$\newcommand{\al}{\alpha}\newcommand{\Ga}{\Gamma}$Let $g:=\Ga(\al)\mathcal{I}_{a+}^\al f$, so that $g=0$ on $(a,b)$. Then for any $z\in(a,b)$
\begin{equation}
\begin{aligned}
0&=\int_a^z dx\,(z-x)^{-\al}g(x) \\
&=\int_a^z dx\,(z-x)^{-\al}\int_a^x dy\,f(y)(x-y)^{\al-1} \\
&=\int_a^z dy\,f(y)\int_y^z dx\,(z-x)^{-\al}(x-y)^{\al-1} \\
&=\int_a^z dy\,f(y)\int_0^1 du\,(1-u)^{-\al}u^{\al-1} \quad \Big[u:=\frac{x-y}{z-y}\Big] \\
&=\int_a^z dy\,f(y)\,\Ga(1-\al)\Ga(\al);
\end{aligned}
\end{equation}
the interchange of the order integration is possible because $f\in L^q(a,b)$ for some $q\ge1$ and hence $f\in L^1(a,b)$.

So, $\int_a^z f=0$ for all $z\in(a,b)$ and thus $f=0$ almost everywhere (a.e.) on $(a,b)$. $\quad\Box$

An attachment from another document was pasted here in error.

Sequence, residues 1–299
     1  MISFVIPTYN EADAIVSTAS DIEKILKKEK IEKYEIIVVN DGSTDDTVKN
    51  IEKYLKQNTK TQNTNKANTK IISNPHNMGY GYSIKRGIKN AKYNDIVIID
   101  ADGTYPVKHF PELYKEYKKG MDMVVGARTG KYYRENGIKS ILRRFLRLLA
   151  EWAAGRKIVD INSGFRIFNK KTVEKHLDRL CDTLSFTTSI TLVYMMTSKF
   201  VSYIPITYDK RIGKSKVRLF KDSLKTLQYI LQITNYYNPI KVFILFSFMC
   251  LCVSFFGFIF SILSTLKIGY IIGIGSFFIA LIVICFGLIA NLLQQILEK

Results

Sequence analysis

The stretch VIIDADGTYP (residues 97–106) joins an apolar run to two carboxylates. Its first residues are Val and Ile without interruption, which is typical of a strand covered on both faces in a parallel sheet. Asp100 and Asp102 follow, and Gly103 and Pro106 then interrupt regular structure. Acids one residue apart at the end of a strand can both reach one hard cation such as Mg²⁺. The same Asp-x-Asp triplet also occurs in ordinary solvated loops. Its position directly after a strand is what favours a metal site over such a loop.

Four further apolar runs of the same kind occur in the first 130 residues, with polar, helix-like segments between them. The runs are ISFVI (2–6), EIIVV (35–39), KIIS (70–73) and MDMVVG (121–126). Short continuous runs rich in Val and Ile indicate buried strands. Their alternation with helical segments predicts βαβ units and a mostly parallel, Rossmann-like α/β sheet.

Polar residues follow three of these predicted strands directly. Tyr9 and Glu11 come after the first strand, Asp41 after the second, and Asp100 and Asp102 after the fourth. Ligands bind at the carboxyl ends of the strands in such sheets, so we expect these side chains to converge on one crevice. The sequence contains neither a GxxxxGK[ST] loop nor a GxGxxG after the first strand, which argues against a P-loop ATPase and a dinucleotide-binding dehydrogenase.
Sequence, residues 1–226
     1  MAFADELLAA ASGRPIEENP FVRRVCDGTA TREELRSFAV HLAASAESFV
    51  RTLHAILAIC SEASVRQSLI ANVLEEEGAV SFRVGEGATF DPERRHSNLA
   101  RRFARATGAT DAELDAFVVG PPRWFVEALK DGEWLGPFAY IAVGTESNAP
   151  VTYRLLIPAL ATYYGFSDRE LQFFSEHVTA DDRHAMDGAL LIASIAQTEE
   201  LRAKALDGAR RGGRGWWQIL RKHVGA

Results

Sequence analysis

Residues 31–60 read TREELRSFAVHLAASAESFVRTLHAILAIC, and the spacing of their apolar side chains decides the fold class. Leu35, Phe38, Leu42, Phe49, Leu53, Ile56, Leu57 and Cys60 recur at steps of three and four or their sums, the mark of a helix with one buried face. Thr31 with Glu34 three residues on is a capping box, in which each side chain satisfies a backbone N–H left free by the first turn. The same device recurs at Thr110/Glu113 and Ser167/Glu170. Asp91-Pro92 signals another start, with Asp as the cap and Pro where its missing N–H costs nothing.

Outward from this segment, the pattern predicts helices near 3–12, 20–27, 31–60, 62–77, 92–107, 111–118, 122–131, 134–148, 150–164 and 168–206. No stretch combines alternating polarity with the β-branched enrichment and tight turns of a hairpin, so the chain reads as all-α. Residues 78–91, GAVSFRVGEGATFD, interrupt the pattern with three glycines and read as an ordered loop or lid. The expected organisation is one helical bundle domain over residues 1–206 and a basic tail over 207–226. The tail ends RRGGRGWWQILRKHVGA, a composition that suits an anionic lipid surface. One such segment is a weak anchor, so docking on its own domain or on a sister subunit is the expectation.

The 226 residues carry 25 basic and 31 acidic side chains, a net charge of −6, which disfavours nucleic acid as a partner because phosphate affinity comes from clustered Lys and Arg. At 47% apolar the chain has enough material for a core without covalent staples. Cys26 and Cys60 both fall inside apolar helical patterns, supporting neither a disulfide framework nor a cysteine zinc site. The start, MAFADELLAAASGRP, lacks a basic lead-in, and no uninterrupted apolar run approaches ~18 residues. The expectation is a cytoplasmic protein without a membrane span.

*Details on the last sentence in the proof above:* Let $\mu$ be the measure over $(a,b)$ defined by the formula $\mu(A):=\int_A f$ for all Lebesgue-measurable $A\subseteq(a,b)$. Then the condition that $\int_a^z f=0$ for all $z\in(a,b)$ implies that $\mu=0$ on the algebra over $(a,b)$ generated by all intervals of the form $(a,z)$ for $z\in(a,b)$. By the uniqueness of the extension of measure, $\mu=0$ on all Borel subsets of $(a,b)$. Also, clearly $\mu=0$ on the sets of Lebesgue measure $0$. So, $\mu=0$ on all Lebesgue subsets of $(a,b)$. So, for each real $t>0$ and $A_t:=f^{-1}((t,\infty))$ we have $0=\mu(A_t)\ge t|A_t|$, where $|\cdot|$ is the Lebesgue measure. So, $|A_t|=0$ for all real $t>0$.
So, $f\le0$ a.e. on $(a,b)$. Similarly, $f\ge0$ a.e. on $(a,b)$. Thus, $f=0$ a.e. on $(a,b)$.

The condition $q<1/\al$ was not needed or used in the proof above.